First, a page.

Theory is a broad term that draws together intellectual efforts to think critically.†† As you will find in this course, there are many writing styles and forms that can count as ďtheory.Ē Theoretical works often have a reputation of being more difficult than other kinds of texts.†† In this course, this will sometimes be the case, but not necessarily.† Thinking critically is hard work, both for the author who wrote the text and for us the readers who are trying to learn from it.†
In this course, you will be reading for the ways texts make arguments or stake a position on a topic.† You will not be reading for facts or information retrieval.†
What you want to know about the texts in this course are:†
1. What is the problem, concept or question the text is addressing?† Try to pinpoint this as precisely as you can.
2. What is the central argument or position?† Try to restate it in your own words.†
3. Identify how the text is making that argument? By analogy, by exposing a contradiction, by telling a story, by bringing up an empirical example, by writing from a particular location, and so on?† How is the text persuading you or making its case? Keep in mind that an argument may not be presented as a series of logical propositions, but instead may take the form of a narrative, be embodied in the style of writing, or be an explication of a world view or system of thinking.
4. What historical conditions is it speaking to?† What other positions is the texts in dialogue with or arguing against? What other theories does it building on? When and where was it written?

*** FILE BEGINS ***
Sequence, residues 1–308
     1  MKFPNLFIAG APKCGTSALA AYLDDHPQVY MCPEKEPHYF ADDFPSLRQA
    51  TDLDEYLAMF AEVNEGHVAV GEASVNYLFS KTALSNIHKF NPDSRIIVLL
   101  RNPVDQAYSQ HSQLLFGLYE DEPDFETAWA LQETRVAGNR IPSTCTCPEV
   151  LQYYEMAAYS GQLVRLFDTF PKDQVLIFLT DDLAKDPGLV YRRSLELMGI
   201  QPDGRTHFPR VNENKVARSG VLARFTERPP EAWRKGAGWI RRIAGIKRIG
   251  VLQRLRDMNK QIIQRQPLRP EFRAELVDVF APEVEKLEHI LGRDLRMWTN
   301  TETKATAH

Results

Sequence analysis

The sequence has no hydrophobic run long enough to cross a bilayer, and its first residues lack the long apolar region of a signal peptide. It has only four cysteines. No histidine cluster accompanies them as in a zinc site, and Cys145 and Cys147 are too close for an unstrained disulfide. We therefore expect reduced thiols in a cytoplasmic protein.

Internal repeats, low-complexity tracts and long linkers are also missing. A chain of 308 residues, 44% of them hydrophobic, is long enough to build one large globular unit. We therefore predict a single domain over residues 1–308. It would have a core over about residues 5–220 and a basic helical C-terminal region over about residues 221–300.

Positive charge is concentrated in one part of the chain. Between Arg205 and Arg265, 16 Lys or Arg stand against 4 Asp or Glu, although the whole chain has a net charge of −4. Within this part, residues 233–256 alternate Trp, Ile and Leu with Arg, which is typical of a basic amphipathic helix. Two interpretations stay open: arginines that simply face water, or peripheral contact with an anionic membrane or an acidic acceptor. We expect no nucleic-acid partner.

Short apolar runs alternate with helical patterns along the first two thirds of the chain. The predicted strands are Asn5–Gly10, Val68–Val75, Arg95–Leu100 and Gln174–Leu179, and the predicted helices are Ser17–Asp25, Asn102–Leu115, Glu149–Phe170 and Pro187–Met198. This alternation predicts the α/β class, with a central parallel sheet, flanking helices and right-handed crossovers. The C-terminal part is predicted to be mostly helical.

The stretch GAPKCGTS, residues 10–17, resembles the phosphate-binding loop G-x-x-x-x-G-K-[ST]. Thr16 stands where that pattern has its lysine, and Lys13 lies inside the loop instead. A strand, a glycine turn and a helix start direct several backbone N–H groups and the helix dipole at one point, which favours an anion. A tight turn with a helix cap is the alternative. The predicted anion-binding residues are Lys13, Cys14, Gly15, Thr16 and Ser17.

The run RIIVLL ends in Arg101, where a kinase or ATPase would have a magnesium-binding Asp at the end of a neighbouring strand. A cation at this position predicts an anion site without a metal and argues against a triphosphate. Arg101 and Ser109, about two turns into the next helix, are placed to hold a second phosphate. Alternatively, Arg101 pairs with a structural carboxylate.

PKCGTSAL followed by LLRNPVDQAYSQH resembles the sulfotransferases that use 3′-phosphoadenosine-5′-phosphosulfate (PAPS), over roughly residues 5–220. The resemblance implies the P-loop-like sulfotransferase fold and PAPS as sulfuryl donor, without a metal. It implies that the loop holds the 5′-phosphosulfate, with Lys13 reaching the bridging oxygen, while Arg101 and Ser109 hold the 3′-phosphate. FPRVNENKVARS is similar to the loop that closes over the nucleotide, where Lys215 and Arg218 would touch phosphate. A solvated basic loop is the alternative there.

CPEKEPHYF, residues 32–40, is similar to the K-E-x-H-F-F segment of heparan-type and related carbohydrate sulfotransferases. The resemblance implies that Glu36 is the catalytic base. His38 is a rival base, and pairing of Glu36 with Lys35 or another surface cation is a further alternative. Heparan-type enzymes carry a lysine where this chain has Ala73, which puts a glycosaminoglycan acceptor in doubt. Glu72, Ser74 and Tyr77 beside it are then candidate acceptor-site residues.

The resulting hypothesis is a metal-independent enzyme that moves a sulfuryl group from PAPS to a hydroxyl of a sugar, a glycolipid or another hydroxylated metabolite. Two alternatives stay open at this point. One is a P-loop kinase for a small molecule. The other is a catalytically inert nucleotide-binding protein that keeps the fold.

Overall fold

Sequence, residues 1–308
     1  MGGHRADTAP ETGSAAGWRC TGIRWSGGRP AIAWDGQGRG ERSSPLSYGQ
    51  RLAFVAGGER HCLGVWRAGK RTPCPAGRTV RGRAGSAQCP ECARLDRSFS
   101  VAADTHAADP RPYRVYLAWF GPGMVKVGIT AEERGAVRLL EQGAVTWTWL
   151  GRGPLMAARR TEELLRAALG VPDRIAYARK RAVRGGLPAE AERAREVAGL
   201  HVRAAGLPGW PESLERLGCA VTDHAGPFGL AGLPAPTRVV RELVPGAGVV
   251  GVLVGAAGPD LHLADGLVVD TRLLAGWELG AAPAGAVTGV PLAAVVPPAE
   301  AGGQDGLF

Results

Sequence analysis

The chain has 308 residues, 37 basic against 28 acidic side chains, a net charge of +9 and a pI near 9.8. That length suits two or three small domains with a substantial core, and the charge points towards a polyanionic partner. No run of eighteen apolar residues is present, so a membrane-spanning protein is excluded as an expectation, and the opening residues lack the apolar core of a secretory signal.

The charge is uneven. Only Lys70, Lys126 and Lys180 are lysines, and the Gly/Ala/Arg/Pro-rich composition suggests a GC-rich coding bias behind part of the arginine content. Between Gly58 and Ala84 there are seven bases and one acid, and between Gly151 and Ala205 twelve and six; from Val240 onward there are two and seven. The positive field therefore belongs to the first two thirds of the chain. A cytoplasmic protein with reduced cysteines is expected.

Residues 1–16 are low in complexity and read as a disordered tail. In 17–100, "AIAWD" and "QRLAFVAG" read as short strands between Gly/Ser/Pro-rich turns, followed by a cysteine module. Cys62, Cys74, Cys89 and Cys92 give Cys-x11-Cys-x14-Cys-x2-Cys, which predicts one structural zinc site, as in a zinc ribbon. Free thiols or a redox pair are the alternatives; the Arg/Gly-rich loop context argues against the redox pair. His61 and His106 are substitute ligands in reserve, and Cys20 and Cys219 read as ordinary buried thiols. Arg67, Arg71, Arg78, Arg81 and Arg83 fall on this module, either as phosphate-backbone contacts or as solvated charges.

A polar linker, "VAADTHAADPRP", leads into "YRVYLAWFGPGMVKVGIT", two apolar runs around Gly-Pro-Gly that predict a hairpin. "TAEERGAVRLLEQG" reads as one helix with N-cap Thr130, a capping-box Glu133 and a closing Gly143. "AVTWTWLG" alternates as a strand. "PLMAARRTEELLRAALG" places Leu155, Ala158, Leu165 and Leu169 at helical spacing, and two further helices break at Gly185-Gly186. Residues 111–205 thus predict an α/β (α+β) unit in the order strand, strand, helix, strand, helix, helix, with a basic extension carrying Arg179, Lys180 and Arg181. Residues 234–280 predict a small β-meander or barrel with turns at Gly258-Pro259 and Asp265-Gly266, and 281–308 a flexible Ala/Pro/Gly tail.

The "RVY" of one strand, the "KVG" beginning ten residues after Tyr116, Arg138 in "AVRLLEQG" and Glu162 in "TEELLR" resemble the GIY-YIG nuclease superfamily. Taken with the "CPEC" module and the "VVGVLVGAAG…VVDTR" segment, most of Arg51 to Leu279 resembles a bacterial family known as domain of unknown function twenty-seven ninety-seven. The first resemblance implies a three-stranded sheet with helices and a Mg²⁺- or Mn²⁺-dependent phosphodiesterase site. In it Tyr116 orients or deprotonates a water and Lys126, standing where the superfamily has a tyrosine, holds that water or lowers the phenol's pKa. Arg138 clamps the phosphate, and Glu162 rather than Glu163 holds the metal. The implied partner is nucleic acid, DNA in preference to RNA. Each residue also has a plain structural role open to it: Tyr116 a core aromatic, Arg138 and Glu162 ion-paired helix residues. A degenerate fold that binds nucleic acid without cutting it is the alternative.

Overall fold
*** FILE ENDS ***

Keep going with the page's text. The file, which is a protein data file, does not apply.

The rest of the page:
5. Interpret and critically respond to the text based on your own position.† Would you argue differently?† How?
We strongly recommended that you take notes on the readings as you go along.
Here are some strategies for reading the texts in this course:
Donít give up on a text if you have trouble following it the first time.† We recommend that you make a habit of reading difficult texts at least TWO times.
The first time, identify what you understand about the texts, and mark what you do not understand for review.†
Periodically pause and rephrase what you have just understood in your own words.
Make a list of crucial concepts to the textís argument. †Make sure you are familiar with them. Look up any words or concepts you are not familiar with in a dictionary.
Ask yourself if the style that the text is written is important to the argument.
The second time, take notes.† Pay close attention to passages you find difficult.††† Take notes the second time. Reread difficult passages.† It may help to read them slowly or out loud.†
Keep a dictionary nearby when you do your reading.† Donít hesitate to look up words you donít understand.†† Authors are often very particular about which words they choose, and have probably chosen that word for a reason.† Ask yourself, why they might have chosen that word and not another?
Be sure to read all the way to the end.† Do not get discouraged and stop reading.† Concepts and arguments can become clearer the more you read.†
At the end, make a summary or map of the argument.† Summarize the main point and how the author got there.† What connections does the text make?†
If you are still having difficulty, set the text aside and try reading it the next day.†
If you are still having difficulties, try to pinpoint what they are and write them down.† Bring specific passages to tutorial or office hours for discussion. †If you found a passage difficult, most likely others did too.††
Donít be frustrated.† The skill of reading theoretical texts takes time. Theoretical works are almost always an engagement in a longer conversation, and by the end of the course you will better be able to situate texts in itineraries of ideas and knowledge making and use theoretical concepts yourself.† Remember, lectures and tutorials will also be directly addressing the texts.†